The following statement is made because of the concern of the Committee on Drugs of the American Academy of Pediatrics and the Committee on Obstetrics: Maternal and Fetal Medicine of the American College of Obstetricians and Gynecologists about known and unknown effects on the fetus and the newborn of drugs given during labor and delivery.
In the past, the effects on infant welfare of various intrapartum events, obstetrical procedures, and pharmacological agents administered to women during labor and delivery were measured by mortality, Apgar scores, acid-base studies, and specific types of neonatal morbidity.1 With advancing medical knowledge and improved technology for monitoring the well-being of the infant in utero, safer methods for delivery became available. Along with this advancement in technical skills came a decrease in the use of centrally depressant analgesic, sedative, and anesthetic drugs and an increased use of local or regional anesthesia so that the mother could remain alert and aware during labor and delivery.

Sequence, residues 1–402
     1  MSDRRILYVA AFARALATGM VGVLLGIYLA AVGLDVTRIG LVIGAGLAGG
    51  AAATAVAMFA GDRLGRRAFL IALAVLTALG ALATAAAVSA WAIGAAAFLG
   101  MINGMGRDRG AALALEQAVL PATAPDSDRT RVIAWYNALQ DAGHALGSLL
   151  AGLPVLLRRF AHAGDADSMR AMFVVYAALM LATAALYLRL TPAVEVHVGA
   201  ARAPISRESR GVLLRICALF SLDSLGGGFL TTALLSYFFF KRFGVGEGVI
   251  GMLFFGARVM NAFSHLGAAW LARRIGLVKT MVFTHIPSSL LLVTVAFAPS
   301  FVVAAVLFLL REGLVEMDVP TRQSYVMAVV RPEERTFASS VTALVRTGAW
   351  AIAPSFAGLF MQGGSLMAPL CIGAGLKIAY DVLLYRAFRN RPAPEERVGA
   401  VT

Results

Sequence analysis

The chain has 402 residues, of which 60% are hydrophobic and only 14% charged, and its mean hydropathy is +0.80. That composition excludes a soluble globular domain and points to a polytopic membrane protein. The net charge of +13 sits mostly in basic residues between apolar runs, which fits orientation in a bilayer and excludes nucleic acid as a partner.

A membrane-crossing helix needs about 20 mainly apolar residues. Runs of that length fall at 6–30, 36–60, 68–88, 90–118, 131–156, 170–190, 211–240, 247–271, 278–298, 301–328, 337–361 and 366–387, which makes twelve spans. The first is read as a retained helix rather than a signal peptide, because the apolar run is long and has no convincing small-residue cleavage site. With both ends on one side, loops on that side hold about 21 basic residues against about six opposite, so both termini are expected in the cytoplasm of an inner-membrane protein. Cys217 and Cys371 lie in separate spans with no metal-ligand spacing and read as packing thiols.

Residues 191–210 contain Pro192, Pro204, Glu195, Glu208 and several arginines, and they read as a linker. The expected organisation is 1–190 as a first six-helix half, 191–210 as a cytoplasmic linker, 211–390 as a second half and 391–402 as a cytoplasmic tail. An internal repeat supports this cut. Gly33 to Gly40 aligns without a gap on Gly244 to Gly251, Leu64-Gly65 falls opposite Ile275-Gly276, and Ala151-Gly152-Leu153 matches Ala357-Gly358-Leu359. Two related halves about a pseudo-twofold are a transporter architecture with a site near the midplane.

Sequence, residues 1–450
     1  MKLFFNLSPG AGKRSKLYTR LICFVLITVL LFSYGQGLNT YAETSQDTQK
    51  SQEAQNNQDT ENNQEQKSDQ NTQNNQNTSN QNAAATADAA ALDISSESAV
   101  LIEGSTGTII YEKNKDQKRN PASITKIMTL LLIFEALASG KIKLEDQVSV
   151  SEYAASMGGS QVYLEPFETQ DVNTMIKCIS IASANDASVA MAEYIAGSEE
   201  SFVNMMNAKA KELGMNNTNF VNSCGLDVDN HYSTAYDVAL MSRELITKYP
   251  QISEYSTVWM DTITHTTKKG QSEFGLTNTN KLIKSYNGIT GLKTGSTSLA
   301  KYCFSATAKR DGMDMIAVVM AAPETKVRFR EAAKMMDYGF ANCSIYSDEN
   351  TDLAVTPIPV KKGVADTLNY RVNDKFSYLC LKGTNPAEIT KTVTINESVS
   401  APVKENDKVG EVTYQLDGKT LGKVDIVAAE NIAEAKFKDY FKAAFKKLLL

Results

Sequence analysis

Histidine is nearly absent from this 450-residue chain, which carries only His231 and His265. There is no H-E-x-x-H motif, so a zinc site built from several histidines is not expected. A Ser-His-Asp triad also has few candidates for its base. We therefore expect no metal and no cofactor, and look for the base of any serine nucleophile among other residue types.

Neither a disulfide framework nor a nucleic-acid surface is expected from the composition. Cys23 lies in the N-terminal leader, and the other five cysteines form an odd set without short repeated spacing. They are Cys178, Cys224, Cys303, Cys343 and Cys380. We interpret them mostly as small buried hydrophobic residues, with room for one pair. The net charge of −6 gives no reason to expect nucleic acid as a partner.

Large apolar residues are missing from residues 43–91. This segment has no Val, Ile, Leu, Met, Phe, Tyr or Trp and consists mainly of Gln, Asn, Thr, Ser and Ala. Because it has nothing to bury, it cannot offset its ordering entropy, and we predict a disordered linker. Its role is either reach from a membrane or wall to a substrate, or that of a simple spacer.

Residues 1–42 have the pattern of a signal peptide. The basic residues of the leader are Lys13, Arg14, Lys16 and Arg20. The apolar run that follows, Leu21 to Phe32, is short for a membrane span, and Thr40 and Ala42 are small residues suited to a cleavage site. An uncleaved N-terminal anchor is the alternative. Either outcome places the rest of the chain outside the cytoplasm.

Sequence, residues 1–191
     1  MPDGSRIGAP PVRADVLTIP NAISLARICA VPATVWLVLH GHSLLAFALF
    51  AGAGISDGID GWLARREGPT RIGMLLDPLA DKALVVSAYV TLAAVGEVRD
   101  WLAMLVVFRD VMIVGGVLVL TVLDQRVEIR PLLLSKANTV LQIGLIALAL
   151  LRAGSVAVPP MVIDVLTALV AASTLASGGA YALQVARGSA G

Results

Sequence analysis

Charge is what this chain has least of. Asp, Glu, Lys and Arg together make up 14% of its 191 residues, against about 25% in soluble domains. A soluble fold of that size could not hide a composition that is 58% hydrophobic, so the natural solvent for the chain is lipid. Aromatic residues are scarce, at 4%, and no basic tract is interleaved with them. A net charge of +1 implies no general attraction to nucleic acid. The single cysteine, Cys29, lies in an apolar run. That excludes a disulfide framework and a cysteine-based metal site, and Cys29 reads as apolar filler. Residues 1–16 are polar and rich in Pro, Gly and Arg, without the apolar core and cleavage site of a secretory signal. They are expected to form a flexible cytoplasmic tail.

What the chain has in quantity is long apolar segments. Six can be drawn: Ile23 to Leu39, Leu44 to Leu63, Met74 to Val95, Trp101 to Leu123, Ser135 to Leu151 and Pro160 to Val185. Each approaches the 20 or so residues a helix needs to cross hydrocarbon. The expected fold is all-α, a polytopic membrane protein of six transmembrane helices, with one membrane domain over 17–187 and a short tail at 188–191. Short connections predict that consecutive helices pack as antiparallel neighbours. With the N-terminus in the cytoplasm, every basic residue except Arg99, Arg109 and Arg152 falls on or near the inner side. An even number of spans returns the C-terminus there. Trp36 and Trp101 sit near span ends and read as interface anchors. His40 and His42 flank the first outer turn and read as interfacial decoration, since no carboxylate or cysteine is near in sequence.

Recent advances in laboratory methods for drug analysis2 have given physicians a greater insight into maternal-fetal pharmacokinetics, although there is still a great void in medical knowledge related to specific drug transfer, routes of metabolism, and effects of these drugs and drug metabolites on the infant. Prenatally the mother plays the major role in metabolizing and excreting a drug, but once delivery is accomplished the infant is required to perform these functions.
Adverse effects on later intelligence, neuromuscular physiology, learning ability, and behavior have not been reported beyond infancy in children whose mothers received acceptable doses of analgesic, sedative, or anesthetic drugs during labor and delivery.
- Copyright © 1978 by the American Academy of Pediatrics